Why have Chihuahuas and American pit bulls been such a challenge to place? With Hearts United for Animals the biggest challenge in placing Chihuahuas, Carol frankly stated, is that they can often be unfriendly to would-be adopters. “There are people who know the breed well and understand its nature, but a lot of people do prefer a dog that shows some regard for them at the first meeting.” Carol also pointed to the sad fact that Chihuahuas are way too numerous. “The worst breeders have pumped out litters onto society without a speck of conscience from knowing that there are way too many of them. People will buy the tiny dogs but, when there is difficulty with them, they don’t keep them.” According to a recent check on Petfinder, over 13,000 Chihuahuas need homes.
For pit bulls, Carol referred to multiple issues. First, she pointed out that the breed has an earned reputation for not getting along well with other dogs. “Pit bulls are terriers and share some attributes with other terriers, like Yorkshire terriers and Jack Russell terriers, but they’re bigger and far more powerful. When there is a spat between a pit bull and another dog, it can be a bad one.” Second, there is always concern about insurance coverage that may not be available in a home with a pit bull. “I think the problem for pet parents can happen when there is some incident involving a pit bull, and they receive notice that their insurance is going to be cancelled.” Last, there is the pit bull overpopulation issue. According to a recent check on Petfinder, over 17,000 pit bulls need homes.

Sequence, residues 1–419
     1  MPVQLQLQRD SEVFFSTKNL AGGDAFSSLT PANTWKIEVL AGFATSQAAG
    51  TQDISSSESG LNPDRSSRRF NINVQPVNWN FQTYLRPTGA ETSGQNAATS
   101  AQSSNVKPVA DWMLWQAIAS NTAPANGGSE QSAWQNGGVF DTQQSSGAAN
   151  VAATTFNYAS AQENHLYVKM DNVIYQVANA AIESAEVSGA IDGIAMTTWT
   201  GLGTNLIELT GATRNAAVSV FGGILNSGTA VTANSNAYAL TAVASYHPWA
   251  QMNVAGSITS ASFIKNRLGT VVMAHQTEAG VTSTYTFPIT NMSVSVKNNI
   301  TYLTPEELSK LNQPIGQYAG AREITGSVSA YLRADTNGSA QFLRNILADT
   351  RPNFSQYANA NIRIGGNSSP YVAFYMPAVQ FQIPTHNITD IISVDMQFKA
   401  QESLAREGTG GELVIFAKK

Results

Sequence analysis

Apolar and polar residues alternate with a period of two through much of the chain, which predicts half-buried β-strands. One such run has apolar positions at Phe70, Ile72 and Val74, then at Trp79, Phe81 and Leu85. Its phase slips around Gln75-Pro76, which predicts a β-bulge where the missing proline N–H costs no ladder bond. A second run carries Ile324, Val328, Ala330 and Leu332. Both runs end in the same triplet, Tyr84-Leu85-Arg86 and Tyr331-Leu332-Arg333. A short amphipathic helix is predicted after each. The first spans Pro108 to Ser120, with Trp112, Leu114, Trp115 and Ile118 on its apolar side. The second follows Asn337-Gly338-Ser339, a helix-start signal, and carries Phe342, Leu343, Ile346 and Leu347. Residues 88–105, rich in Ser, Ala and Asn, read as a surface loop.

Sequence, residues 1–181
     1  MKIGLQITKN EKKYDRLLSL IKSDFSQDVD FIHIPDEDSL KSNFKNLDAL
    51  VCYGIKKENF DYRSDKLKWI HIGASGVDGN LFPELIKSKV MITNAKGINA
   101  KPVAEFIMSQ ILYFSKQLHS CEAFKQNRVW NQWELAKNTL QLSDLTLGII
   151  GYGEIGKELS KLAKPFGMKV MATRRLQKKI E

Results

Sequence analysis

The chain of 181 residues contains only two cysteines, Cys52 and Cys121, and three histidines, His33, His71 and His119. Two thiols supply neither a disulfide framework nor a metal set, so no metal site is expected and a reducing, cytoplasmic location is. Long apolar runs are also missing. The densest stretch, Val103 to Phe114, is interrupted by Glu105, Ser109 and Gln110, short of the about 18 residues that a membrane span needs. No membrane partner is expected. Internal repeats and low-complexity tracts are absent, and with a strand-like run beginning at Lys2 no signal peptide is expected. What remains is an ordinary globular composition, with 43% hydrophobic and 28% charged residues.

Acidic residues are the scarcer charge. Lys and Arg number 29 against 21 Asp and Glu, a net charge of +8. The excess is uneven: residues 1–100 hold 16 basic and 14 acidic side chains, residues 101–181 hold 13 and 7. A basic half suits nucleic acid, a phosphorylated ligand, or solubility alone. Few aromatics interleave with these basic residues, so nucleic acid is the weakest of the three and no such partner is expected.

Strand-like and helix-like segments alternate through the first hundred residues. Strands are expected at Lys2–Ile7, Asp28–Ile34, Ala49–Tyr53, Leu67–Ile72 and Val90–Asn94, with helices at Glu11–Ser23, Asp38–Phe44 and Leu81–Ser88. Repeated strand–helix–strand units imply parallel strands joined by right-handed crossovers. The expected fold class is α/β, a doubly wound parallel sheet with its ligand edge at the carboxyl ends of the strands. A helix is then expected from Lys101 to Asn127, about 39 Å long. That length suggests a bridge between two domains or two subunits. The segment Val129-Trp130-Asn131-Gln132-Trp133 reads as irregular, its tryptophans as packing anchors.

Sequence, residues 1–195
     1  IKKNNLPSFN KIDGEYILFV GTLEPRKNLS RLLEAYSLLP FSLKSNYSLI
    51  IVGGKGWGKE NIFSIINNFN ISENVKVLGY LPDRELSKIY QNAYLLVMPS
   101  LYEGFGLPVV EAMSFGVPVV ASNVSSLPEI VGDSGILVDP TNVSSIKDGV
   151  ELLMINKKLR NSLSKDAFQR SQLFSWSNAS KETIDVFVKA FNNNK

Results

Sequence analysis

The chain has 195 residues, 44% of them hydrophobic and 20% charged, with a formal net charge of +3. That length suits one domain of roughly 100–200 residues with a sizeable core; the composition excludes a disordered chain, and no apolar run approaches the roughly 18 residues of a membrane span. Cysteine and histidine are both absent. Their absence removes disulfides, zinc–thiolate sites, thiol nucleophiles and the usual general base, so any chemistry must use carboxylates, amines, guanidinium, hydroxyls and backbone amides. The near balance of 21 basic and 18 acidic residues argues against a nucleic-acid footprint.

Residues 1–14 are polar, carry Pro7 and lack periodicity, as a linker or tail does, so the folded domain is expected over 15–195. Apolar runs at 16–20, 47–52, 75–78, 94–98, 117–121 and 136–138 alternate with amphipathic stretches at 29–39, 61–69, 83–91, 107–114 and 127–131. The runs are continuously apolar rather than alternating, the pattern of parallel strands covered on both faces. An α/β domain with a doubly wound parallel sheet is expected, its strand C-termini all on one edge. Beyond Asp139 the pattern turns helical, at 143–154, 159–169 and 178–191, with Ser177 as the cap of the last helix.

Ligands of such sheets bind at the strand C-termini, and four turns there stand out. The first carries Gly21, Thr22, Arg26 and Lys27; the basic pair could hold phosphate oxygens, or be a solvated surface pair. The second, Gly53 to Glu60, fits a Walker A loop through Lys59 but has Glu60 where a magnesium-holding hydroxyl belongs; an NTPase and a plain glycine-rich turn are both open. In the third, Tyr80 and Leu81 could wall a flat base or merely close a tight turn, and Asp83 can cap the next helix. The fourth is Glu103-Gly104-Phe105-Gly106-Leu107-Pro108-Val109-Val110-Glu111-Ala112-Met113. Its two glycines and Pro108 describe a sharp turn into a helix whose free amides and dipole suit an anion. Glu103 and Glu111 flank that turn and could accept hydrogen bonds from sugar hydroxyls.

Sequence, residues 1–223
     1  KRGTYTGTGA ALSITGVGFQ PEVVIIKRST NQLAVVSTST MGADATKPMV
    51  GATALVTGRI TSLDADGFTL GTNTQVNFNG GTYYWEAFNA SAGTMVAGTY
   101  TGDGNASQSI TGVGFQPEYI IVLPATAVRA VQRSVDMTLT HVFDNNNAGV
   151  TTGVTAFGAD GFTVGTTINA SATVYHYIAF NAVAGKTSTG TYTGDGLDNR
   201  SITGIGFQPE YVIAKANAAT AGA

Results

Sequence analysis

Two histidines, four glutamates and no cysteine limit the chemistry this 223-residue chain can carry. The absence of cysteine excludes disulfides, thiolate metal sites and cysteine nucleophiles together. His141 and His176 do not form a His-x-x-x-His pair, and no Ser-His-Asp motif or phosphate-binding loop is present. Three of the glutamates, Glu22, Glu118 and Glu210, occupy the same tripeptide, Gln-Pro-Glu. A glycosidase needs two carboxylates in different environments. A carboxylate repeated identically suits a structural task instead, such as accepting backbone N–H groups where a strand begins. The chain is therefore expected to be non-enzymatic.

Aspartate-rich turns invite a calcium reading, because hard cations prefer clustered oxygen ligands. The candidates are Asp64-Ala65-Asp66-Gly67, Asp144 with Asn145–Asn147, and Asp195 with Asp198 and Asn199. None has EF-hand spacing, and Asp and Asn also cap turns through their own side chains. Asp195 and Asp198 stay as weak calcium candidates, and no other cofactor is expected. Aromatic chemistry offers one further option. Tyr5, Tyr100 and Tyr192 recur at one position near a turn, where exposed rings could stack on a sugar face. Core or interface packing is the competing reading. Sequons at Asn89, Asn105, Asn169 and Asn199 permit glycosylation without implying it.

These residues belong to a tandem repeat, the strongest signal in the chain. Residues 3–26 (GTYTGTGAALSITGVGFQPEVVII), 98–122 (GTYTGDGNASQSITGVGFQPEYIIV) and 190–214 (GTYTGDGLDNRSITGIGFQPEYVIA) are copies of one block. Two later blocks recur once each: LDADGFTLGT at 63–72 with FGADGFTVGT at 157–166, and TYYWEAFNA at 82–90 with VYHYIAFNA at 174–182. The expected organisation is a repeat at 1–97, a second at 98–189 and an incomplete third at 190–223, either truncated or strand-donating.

With Nebraska No Kill Canine Rescue, the biggest problem in placing any dog has always been simply having a foster available to work with the dog and get the dog ready for a new home. “Especially with the pit bulls, there are so many people looking to give them up that rescues are flooded with them.” If the group does have a foster, the next problem is screening potential adopters. Naturally, the group is looking out for the best interest of the dog and so a lot of questions are asked on the application to better understand the lifestyle of the potential adopters. “With the bully breeds, we have to check city ordinances and look for any apartment/condo/duplex restrictions that could keep them from adopting the dog.” An additional complication happens with military families, because of the chance they could be transferred overseas. “Because many countries do not allow bully breeds, we need to know if they have a plan for the dog if that happens.”